Toronto researchers cross the blood-brain barrier for the first time. Dr. Todd Mainprize used a focused ultrasound technique, developed with collaborator Dr. Kullervo Hynynen and others, to non-invasively cross the blood-brain barrier to selectively and directly deliver a chemotherapeutic drug to a glioma. (Globe & Mail x 2). "Mainprize says the method could be used for all sorts of brain conditions besides cancer. "There are possibilities of delivering new chemicals and therapies for depression, Alzheimer's disease, stem cells," he said." (CTV) [more inside]
On September 20th, Ann Arbor-based freelance writer Emily Bingham, 33, wrote a post on Facebook that went on to be shared more than 40,000 times. Why? Because it touched on something that many, many women related to - namely, how often they're asked about their personal reproductive plans. [more inside]
Oklahoma poet Lauren Zuniga responds to Oklahoma SB 1878 (which requires women to view a ultrasound image of the fetus an hour before receiving an abortion & allows doctors to refuse to provide contraceptive care) with a poem.
Star Trek Tricorders are becoming reality. Not a doctor? Not a problem. There's an iPhone app that detects killer gasses in the air. There's one for Android phones that detects magnetic and gravitational fields and displays solar activity. This device doesn't do anything particularly useful other than play music, but it looks damned cool. Another iPhone app that's just for fun, presented by the geekiest guy ever.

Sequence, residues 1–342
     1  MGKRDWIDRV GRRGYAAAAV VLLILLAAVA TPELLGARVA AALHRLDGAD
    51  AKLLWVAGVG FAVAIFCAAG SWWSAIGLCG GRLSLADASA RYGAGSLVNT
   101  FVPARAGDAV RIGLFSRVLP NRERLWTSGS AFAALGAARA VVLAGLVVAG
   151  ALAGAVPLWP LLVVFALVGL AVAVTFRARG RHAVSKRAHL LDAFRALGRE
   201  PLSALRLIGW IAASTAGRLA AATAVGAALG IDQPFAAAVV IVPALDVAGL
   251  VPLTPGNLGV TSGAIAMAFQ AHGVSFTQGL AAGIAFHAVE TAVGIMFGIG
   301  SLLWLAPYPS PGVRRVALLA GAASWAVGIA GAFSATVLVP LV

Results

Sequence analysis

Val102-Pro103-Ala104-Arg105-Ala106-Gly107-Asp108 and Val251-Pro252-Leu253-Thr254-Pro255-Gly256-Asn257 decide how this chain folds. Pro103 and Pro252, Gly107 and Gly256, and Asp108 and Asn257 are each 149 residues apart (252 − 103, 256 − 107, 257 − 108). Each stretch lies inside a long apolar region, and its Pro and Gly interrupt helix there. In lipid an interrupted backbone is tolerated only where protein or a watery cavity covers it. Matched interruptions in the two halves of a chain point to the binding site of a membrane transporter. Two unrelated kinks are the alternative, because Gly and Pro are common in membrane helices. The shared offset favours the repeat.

Sixteen states already have laws [PDF] related to abortion ultrasounds . Eleven more states have recently introduced bills that demand that a woman who wants an abortion be forced to look at the ultrasound, while a doctor describes what she is seeing. All of these bills are because the legislators believe that adoption is the only choice a woman should make. This essay, On Living Pro-Lifer's Choice for Women, explores the difficulties faced by birth mothers who choose that path.
Amazing Images - the BBC has a series of 10 pictures of fetuses at various stages of developments. There's no information about how they were obtained, but they are pretty striking. I imagine they must have been taken with one of the new ultrasound techniques (which are apparently called 4D imaging now).
Reach in and touch someone. Having a baby? Have money to burn? Think a video of your baby's ultrasound would just be so passe? Novint Technologies has developed a system that will let you "touch" your unborn child -- or at least a 3D ultrasound image of it.